Bonaire is the easternmost of the “ABC Islands” – Aruba, Bonaire, and Curacao. It’s by far the least known, least developed, and most unspoiled of the three, and many experienced divers and snorkelers regard it as the finest diving destination in the Caribbean. All the waters around the island are included in the Bonaire Marine Park, which protects the reefs and marine life from the high water mark down to a depth of 60 meters (200 feet) – so look, but don’t touch!

Bonaire is a diver’s paradise, with around 80 named dive sites. Water temperatures are warm, and visibility is commonly 100 feet or more – often up to 150 feet. The density and diversity of sea life is simply astounding – if you’re new to diving, you might want to visit other diving destinations first, because after you experience Bonaire, nothing else may measure up!

Let Dolphin Travel handle all the details, so you can just relax and enjoy.

Quick Facts:

Bonaire is located about 50 miles off the north coast of Venezuela (that’s about 2100 miles from Houston). The island is shaped like a backwards “C”, stretching about 24 miles north to south, and 3 or 4 miles across in most places. The southern part of the island is flat and made up of coral and coral sand. In the north, the land becomes hilly, exposing 180 million year old volcanic rocks. The highest point on the island is Mount Brandaris, which is only 774 feet above sea level. A small island, Kleine Bonaire, is nestled in the arms of the “C”. Much of the island is covered with drought-resistant kibraacha and divi-divi trees, and there are dramatic cactus forests in the higher areas to the north.

Bonaire is humid year-round, and daytime temperatures average around 82 degrees F. The island gets about 20 inches of rain per year, most of which falls from October through January. The water temperature averages 80 degrees, with an October high of 86, and a February low of 78 degrees. A gentle wind blows almost constantly out of the east, averaging about 15 miles per hour. Bonaire lies outside the ‘hurricane belt’, so weather is almost never a problem.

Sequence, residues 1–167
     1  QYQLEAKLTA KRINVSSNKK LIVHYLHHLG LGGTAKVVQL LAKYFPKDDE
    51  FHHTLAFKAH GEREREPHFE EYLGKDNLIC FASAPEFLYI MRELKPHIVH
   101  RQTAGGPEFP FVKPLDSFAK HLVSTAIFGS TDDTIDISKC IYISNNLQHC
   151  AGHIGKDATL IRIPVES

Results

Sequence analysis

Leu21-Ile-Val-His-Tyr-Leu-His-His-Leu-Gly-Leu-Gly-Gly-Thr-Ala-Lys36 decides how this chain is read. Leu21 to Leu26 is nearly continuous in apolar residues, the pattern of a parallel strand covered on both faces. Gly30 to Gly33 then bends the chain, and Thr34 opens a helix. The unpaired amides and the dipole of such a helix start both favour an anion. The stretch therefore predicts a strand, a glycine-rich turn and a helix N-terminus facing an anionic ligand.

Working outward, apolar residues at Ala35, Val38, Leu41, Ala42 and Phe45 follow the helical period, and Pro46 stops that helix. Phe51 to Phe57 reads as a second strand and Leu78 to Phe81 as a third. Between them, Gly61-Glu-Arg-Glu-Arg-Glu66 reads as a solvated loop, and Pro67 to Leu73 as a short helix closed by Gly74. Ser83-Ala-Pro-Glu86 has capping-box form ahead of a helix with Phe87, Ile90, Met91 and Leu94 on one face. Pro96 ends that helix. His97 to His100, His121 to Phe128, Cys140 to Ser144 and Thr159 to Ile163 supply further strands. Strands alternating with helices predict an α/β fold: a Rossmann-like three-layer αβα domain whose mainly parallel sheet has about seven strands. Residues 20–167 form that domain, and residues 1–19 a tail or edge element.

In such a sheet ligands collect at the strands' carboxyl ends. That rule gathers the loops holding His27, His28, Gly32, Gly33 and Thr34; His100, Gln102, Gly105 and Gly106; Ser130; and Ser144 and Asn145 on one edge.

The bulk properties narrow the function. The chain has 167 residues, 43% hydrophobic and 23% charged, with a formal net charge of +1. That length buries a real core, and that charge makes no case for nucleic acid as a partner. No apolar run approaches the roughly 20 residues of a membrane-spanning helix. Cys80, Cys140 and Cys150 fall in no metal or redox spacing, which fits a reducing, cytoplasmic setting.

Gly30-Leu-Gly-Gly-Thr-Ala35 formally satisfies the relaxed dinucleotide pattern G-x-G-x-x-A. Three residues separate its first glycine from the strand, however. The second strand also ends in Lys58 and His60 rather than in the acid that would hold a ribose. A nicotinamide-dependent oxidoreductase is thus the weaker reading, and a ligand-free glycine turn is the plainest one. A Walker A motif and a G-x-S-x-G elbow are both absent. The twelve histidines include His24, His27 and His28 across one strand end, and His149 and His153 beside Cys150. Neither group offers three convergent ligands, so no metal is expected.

Being part of the Netherlands Antilles, the official language of Bonaire is Dutch. The language of the people is Papiamentu, which is a Creole based on Portuguese and various West African languages, plus a shot of Dutch, Spanish and English. Not to worry, though – English and Spanish are widely spoken, and you’ll have no trouble communicating.

Travel Tips – A few handy things to know:
Visitors from most western countries don’t require a visa for short stays, but you will need your passport.
The local currency is the N.A. Guilder, but U.S. dollars, traveler’s checks and all major credit cards are accepted everywhere.
Local drinking water is distilled from sea water, so it’s some of the purest in the world.
Most American appliances (like hair dryers and phone chargers) will work, though they may run a little slower.

Between Dives:
The best reason to visit Bonaire is the diving, but you can’t stay in the water all the time! Bonaire boasts many activities for the energetic and adventurous:
world-class windsurfing
sea kayaking
deep sea fishing
horseback riding
For details on these and other activities, click here.

And of course, there’s dining, dancing and shopping! All the resorts have great facilities, and it’s a short cab ride into the capital city of Kraalendijk, where you can visit the shops along Kaya Grande and the clubs and casinos along the waterfront. Visit Frommer’s for more details.

Neat Links:
Visit these sites to see more about Bonaire
Bonaire Web Cams – See what’s happening in Bonaire right now! Images update about once every four minutes
Bonaire Talk – Sample what people like you are saying about Bonaire
InfoBonaire – Multilingual site with local Bonaire information

Photo Galleries:
Bonaire Underwater
Jennifer O’Neal Underwater Photography
Honeymoon in Bonaire
Chris Thorpe’s Bonaire Gallery